A garlic bulb, a platter of sprouts, a pot of hyacinth flowers, a cup of vinegar, dried oleaster fruit, sweet wheat
pudding, sumac, and red apples. Though surrealistically unrelated to most people, for millions who celebrate
Norouz¹, these elements, alongside some beautifully painted hard-boiled eggs, a mirror, a few lit candles, and a
goldfish swimming in a bowl, symbolize the arrival of the spring and the year’s most joyous celebration.
Throughout my time in Iran, I was satisfied with the official definition of 7-Sin: “A series of elements, each
symbolizing an important aspect of life (health, wealth, love, beauty and re-birth, to name a few) and all starting
with the letter “س” (pronounced “sin”, the equivalent of the letter “S” in English)”. There, 7-Sin was just a
code-word for a collective emotion toward a deeply-rooted tradition and any attempt to define it seemed
redundant at best.
It was only in Canada, where I had to explain the meaning of 7-Sin to those who did not share any of my
feelings toward this peculiar collection of strange and familiar elements, that I realized the definition I knew,
even with its exotic and colourful entourage, was agonizingly powerless to convey the slightest of meanings.
After all, there was nothing, neither in the letter “Sin” nor in the number “7” that was intrinsically related to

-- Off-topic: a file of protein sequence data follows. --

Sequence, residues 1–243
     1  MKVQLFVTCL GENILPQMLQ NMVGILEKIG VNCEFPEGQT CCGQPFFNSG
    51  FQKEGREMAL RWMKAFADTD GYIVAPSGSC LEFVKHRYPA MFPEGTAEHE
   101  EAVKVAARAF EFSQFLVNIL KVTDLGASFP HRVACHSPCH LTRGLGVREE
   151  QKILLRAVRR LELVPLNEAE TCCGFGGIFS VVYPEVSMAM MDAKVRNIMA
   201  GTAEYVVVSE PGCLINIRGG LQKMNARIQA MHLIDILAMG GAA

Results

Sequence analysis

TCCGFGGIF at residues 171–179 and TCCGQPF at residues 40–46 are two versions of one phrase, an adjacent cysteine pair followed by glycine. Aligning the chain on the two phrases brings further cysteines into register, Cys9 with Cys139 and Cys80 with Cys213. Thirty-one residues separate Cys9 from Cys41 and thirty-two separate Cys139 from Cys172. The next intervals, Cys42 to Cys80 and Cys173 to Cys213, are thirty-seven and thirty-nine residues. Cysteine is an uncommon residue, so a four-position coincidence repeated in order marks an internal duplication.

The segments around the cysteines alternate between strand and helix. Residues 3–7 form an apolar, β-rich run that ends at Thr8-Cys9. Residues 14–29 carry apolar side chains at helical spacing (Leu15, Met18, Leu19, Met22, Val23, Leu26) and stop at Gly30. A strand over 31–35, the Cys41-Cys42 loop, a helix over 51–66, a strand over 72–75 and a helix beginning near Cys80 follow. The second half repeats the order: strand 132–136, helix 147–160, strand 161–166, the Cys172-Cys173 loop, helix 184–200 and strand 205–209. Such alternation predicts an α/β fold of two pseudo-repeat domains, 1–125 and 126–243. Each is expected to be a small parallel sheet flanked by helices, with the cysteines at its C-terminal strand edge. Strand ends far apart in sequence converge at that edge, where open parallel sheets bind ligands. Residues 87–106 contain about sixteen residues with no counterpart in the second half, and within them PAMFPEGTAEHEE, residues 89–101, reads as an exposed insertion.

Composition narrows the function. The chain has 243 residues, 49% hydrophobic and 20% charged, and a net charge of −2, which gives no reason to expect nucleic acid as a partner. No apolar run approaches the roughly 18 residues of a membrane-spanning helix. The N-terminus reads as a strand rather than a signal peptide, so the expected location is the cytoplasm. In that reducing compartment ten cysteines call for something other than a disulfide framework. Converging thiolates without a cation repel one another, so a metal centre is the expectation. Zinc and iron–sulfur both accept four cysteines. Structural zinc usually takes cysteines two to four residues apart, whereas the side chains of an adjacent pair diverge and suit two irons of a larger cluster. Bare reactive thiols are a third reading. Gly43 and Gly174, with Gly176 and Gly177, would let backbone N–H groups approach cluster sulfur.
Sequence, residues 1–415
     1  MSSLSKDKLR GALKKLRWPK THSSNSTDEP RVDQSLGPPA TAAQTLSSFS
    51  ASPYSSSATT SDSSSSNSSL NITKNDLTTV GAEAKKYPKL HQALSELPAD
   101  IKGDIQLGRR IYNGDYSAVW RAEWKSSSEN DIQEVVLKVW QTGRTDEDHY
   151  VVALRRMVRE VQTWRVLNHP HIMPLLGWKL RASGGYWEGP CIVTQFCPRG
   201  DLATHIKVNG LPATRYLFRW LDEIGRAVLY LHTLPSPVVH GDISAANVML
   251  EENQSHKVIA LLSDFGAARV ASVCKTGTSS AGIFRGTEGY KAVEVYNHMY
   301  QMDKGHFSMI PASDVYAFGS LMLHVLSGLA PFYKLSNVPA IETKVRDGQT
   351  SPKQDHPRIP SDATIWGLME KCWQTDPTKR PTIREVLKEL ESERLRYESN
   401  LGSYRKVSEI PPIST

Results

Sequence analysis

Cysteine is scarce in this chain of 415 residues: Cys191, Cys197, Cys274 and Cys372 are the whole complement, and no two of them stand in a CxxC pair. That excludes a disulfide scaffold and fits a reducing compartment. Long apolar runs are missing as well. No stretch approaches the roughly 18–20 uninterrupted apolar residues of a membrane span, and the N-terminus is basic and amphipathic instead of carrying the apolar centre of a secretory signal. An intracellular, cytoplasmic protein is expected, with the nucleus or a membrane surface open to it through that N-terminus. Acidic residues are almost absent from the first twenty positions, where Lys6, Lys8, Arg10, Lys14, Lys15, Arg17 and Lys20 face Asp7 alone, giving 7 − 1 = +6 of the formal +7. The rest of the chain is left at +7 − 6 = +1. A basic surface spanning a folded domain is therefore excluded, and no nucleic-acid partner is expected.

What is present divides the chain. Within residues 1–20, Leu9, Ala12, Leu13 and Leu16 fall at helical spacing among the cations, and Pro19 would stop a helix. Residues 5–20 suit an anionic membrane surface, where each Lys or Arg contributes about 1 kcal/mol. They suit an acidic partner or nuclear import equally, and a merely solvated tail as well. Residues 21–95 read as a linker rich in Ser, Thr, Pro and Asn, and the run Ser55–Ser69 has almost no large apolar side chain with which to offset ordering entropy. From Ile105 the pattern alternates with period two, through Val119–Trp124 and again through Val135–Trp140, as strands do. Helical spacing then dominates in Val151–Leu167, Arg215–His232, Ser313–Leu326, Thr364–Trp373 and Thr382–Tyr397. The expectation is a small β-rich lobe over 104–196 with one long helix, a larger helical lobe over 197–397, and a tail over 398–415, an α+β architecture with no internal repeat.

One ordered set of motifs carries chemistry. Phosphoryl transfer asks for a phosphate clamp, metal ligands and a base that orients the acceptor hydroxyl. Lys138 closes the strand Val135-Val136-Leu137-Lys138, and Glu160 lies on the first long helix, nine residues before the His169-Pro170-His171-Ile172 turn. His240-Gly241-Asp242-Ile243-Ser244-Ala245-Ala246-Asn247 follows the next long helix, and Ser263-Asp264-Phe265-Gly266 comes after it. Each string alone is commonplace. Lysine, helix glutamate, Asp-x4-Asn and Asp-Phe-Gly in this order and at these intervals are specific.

My search to find an alternative non-verbal depiction resulted in disappointment. This was not unexpected from
a culture that relies so heavily on words and specifically on poetry for self-expression; a fact that is attested to
by the bold presence of a poetry book or two on almost every 7-Sin table. Nonetheless, the pictorial record of 7-
Sin even disappoints the least of expectations. Apart from a few delightful works of “Persian miniatures”, I
found nothing but pictures of isolated, though beautifully decorated, 7-Sin tables with no sign of human activity
anywhere near: too solemn; too emotionless; or alternatively, the same sombre setting with rather
uncomfortable-looking family members posing at the table, unsmiling, or worse, faking smiles.
This collection is my attempt at a photographic translation. First to deconstruct this colourful ensemble into
simple elements; stripped of their historic weight and their symbolic heft, and then, to reassemble the 7-Sin
table. Not as a collection of elements, linked through a phonological rule, but as a series of emotions connected
through a persistent childish playfulness which, to me, is the very essence of 7-Sin. Childish, maybe because
childhood was the time when this table felt the most magical; and playful, perhaps to mask the nostalgia that
every momentous, memorable and repeating event – such as Norouz – would inevitably emanate: a melancholia
for all things that are no longer there; a feeling that I believe is universal.